I’m going to start with the assumption that you’re familiar with the concept of “intelligent cities.” (If this sounds like babble, ICs rely on data and technology to improve and streamline a more social, data-driven decision-making process. For more: look here, there and everywhere.) In my opinion, the intelligent cities movement offers an excellent opportunity for our beloved Program on Urban Studies to leverage its connections to this tech-crazed campus and region to help shape the ICs of the future and build its own reputation.
Today, no true IC exists. Data is being gathered and utilized in innovative ways in cities around the globe, from participatory budgeting in Icapui, Brazil to collecting ideas from New York City’s front-line employees, but efforts are neither holistic nor nuanced. The IC movement is in its infancy. If the Program on Urban Studies is to corner the market on intelligent cities within the Stanford campus, now is the time to act.
You may be asking yourself why I feel the incorporation of intelligent cities into the Program will be a good thing. I have two primary justifications for this. First off, it will complement the sociological focus of the major in a quantitative, tech-oriented way that will make graduates more valuable to employers – especially cities. The second reason, which follows from the first but requires some time: building city leadership with technical talent. IBM is currently awarding $50 million to cities through its Smarter Cities Challenge to encourage civic leaders to engage with the world of tech, and a focus on IC in the Program would be an even stronger stimulus for bringing these two worlds together. For itself, its students and the cities of the world, the Program ought to seize the IC opportunity.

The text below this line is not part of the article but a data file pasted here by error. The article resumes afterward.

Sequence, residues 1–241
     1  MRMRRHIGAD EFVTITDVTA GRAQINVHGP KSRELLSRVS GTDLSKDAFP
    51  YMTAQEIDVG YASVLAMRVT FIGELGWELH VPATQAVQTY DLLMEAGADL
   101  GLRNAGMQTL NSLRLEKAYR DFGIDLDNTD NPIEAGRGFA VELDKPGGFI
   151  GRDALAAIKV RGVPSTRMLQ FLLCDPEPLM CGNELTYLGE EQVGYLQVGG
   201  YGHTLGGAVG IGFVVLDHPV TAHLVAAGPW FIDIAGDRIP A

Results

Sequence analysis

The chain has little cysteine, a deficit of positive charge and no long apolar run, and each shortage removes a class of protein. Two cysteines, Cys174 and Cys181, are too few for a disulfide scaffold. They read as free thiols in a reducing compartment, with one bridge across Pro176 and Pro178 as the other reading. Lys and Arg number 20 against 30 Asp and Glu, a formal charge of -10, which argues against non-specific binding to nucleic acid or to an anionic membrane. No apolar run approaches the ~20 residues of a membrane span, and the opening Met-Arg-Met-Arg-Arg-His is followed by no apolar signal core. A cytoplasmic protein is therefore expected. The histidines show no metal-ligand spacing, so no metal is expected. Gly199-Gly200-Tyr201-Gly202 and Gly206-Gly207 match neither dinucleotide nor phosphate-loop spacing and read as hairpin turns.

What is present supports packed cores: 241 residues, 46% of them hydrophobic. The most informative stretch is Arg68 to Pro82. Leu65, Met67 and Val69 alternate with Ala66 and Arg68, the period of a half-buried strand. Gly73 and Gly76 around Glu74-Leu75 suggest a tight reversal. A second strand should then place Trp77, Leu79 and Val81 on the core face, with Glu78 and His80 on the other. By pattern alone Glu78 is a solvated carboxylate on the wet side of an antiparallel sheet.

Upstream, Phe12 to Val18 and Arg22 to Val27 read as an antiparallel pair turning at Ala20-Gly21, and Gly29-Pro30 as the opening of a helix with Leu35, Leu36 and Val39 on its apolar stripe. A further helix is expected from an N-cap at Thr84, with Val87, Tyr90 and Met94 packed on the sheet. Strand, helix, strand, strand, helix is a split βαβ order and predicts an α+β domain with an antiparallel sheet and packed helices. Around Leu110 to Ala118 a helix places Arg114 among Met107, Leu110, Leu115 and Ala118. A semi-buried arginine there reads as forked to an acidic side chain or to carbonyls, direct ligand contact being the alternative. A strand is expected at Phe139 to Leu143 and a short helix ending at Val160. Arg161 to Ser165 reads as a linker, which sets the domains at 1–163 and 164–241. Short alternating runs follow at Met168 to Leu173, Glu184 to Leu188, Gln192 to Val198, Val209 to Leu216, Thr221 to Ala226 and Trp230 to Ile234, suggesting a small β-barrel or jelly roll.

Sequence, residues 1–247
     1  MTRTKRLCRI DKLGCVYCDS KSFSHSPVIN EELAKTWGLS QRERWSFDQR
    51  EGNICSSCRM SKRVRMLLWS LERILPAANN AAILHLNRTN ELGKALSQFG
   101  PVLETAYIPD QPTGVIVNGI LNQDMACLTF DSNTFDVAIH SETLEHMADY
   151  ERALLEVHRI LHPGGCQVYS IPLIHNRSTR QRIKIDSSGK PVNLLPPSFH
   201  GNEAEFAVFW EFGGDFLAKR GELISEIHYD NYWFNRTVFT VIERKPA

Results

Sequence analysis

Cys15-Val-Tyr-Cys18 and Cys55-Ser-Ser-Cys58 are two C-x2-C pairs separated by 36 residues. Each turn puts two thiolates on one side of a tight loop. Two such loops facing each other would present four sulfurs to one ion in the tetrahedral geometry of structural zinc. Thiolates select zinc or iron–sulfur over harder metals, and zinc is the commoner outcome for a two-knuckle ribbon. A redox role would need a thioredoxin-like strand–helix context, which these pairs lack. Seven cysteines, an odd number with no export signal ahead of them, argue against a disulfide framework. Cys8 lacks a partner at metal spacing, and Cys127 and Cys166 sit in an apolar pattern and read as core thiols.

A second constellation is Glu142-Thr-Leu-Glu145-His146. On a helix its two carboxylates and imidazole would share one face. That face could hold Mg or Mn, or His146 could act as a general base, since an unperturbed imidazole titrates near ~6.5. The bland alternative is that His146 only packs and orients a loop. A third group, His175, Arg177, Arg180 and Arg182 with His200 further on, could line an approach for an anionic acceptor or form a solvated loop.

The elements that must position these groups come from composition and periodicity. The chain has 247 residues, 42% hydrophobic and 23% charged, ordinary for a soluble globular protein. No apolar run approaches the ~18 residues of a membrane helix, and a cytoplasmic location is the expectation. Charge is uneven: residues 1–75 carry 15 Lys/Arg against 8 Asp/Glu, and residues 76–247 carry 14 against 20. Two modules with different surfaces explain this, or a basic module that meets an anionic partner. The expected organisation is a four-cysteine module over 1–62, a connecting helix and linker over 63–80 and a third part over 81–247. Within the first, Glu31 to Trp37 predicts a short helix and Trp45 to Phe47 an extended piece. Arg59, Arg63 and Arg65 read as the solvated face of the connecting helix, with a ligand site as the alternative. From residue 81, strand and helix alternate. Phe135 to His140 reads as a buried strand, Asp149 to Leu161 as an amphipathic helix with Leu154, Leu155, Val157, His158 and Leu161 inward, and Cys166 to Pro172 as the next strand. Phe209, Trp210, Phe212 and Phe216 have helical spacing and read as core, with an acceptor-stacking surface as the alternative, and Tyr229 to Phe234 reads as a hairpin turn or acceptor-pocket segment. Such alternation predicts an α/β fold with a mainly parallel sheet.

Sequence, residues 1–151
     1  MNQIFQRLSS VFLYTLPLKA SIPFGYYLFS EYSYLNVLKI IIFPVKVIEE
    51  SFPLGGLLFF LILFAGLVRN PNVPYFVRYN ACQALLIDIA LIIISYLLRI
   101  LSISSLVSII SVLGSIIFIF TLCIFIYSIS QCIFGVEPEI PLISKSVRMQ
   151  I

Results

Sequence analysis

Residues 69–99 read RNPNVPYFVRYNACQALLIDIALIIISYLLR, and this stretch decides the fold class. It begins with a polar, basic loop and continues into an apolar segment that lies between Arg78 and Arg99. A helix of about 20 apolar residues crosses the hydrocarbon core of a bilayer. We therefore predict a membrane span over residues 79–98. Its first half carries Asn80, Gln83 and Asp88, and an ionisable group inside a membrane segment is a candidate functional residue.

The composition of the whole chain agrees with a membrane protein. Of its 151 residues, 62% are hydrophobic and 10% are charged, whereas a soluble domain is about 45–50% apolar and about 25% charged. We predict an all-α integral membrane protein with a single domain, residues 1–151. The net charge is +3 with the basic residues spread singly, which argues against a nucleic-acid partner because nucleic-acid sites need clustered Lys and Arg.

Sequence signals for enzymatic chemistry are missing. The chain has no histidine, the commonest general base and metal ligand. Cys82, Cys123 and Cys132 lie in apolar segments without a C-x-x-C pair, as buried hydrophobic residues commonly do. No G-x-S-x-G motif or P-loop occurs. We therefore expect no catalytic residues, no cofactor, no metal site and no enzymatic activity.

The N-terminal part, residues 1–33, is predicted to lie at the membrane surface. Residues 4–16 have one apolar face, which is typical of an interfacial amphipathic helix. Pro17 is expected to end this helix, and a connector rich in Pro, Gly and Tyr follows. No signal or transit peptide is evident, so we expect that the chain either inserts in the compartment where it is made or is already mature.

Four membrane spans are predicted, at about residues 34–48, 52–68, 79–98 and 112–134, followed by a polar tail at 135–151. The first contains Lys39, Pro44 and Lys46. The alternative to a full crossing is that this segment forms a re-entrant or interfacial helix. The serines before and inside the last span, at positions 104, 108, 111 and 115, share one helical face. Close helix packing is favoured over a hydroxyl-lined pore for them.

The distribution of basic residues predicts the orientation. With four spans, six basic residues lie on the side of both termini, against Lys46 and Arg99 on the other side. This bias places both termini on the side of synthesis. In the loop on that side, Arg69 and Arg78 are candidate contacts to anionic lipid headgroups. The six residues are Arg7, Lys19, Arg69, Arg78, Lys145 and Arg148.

If you’ve read this far, I’m guessing you’re at least open to entertaining the idea of incorporating IC in the curriculum. But what could this incorporation look like? At its most minor, it could imply adding a couple statistics and computer science courses to the required set of skills classes and searching for more linkages with relevant departments here at Stanford. At the extreme end, it could grow into its own concentration within the Program.
Discussions need to be had on this topic, and soon. The IC movement is rapidly expanding, and the Program is situated in an indisputably ideal manner to explore the potential of this avenue of education. Professors and students, advisers and friends, this Program is ours and we can make it so much more.